TR argued that it was undemocratic to exploit the nation’s resources for present profit. "The greatest good for the greatest number," he wrote, "applies to the number within the womb of time."
But TR also played fast and loose with the prerogatives of his high office, leading Woodrow Wilson to characterize TR as “the most dangerous man of the age.” Mark Twain described him as “clearly insane.” During his reign, the US became an imperial power. One upside was the Panama Canal and the brokering of a peace accord between warring Japan and Russia. The downside was the merciless crushing of a rebellion in the Philippines that resulted in the deaths of hundreds of thousands Filipinos.
Had he chosen to run another term, no doubt TR would have found a good reason to get the US involved in yet another foreign misadventure. But right now, I am looking out my window at a beautiful oak. Thanks to Teddy Roosevelt, I know what a tree looks like.
In her 1976 “Lyndon Johnson and the American Dream," Doris Kearns Goodwin writes of LBJ’s last days in office:
In the past, Johnson had displayed a fine sense of discrimination about his political opponents, recognizing his enemies today might be his allies tomorrow. Now he became unrestrained and reckless, creating a fantasy world of heroes and villains. Members of the White House staff who had listened to the violent name-calling were frightened by what seemed to them signs of paranoia.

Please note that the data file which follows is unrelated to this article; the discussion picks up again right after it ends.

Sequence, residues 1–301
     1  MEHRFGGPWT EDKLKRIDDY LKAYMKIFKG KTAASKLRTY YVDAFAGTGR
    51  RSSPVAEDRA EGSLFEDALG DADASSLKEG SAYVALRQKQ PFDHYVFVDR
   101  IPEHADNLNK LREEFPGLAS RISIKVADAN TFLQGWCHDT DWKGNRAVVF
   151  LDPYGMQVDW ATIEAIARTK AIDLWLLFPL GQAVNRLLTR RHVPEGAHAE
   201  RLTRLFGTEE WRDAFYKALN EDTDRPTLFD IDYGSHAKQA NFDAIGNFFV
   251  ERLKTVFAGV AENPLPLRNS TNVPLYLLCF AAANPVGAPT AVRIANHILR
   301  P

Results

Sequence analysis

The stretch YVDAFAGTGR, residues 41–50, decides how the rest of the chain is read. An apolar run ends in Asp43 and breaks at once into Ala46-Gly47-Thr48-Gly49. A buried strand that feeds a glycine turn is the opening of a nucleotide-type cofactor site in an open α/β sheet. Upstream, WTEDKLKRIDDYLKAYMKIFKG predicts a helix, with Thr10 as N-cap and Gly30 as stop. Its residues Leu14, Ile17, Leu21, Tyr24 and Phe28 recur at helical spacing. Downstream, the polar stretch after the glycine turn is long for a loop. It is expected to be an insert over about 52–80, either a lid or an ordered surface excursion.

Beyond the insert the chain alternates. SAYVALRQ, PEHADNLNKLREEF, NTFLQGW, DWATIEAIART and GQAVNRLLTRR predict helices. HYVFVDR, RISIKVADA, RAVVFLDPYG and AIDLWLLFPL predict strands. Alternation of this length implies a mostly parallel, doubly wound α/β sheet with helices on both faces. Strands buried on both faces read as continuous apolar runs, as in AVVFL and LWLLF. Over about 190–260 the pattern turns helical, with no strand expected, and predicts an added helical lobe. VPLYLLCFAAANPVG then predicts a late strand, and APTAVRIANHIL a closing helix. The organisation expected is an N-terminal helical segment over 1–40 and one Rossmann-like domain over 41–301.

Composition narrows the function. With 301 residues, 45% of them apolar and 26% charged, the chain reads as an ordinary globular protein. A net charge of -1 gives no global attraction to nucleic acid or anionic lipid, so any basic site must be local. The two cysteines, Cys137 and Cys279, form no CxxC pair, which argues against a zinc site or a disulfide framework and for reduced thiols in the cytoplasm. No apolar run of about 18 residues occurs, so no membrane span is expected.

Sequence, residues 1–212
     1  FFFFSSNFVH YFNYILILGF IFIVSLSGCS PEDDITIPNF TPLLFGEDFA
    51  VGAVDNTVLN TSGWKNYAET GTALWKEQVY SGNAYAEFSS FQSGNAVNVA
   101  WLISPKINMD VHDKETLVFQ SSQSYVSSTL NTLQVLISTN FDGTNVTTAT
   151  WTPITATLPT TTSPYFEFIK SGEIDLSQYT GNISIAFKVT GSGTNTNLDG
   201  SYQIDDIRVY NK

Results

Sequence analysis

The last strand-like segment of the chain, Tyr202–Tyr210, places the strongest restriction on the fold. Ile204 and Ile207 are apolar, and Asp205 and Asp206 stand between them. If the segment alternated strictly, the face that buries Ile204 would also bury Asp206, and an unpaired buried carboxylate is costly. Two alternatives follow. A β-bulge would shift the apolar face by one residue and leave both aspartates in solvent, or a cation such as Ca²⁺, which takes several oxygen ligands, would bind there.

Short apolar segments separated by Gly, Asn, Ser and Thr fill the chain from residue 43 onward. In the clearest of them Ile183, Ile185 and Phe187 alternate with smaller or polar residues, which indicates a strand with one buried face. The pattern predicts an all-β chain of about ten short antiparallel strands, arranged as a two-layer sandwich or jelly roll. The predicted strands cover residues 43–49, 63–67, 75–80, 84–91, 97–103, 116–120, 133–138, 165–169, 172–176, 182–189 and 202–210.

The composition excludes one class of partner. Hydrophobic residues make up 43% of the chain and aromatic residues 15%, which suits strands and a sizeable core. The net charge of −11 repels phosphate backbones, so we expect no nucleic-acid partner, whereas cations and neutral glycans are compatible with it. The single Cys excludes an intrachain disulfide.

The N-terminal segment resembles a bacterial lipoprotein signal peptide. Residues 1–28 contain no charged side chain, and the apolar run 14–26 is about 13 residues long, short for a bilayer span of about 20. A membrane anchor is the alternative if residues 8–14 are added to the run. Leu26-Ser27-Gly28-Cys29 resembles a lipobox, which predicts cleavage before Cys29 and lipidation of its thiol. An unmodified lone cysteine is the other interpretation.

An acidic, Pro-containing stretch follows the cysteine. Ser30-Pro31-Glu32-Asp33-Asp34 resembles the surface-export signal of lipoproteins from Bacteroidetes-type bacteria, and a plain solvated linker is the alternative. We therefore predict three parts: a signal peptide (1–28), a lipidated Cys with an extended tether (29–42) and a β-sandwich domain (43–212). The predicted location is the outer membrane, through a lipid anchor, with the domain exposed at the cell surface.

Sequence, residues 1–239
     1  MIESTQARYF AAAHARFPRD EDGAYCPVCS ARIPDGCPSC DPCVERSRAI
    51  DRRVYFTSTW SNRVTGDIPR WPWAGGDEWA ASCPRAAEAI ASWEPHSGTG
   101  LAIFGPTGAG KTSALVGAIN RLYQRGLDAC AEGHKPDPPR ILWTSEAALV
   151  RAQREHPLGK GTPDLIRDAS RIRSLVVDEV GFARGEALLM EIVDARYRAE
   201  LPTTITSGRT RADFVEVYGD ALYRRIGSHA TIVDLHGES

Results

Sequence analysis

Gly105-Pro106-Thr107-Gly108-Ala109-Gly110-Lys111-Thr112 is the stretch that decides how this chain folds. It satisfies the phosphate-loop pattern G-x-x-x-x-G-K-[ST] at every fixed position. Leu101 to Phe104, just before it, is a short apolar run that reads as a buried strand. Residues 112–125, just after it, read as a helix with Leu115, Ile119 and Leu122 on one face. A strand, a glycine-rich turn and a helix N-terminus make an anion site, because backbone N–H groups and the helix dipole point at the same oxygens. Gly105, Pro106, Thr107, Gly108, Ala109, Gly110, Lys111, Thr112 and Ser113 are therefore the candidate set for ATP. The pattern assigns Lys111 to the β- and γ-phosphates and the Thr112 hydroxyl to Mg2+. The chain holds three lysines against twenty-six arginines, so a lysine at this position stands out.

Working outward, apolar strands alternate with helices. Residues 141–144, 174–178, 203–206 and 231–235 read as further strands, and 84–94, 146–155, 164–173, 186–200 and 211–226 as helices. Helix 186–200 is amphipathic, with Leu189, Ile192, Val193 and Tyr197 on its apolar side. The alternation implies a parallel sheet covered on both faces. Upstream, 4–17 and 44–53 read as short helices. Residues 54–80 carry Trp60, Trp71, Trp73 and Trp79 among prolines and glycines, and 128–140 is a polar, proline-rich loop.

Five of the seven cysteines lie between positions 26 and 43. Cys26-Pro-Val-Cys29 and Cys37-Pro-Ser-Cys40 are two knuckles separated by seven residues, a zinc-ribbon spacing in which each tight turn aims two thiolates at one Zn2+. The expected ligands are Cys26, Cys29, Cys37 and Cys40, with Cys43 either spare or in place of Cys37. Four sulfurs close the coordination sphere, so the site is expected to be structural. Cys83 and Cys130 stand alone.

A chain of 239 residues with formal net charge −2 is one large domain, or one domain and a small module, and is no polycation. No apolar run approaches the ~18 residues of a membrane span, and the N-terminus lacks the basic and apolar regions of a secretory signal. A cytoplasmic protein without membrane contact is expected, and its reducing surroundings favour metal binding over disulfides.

Yet, just a couple of years earlier, in 1966, he was the most successful man in the world, on the cusp of leaving a legacy as one of the greatest Presidents in history. Instead, by 1968, he found himself unable to preside over a deeply divided nation, embroiled in an unwinnable war, his legacy in ruins. He left office the next year a broken man, never to return to public life. He died four years later.
Dr Goodwin paints a picture of a highly-energetic and driven man who enjoyed an unbroken string of political successes over a three-decade span. But she also mentions that behind the mask of success was a man with many insecurities, sometimes barely able to hold it together.
Upon assuming the Presidency in 1963 following the assassination of JFK, LBJ seized the moment, leading the nation through its mourning, then embarking on his “Great Society” domestic agenda that would change the face of America - from civil rights to education to the environment.
In 1965, LBJ decided to massively increase troop levels in Vietnam. The decision was a rational one, made in consultation with his advisers. But by 1966, it was clear his position was untenable. Unfortunately, faced with no easy way out of the mess he found himself in, LBJ turned increasingly irrational. He retreated into his shell, taking advice from only a small cadre of trusted and sycophantic advisers, and justifying his disastrous decision-making. Dr Goodwin uses the terms "obsessional" and "delusional" to describe his thinking.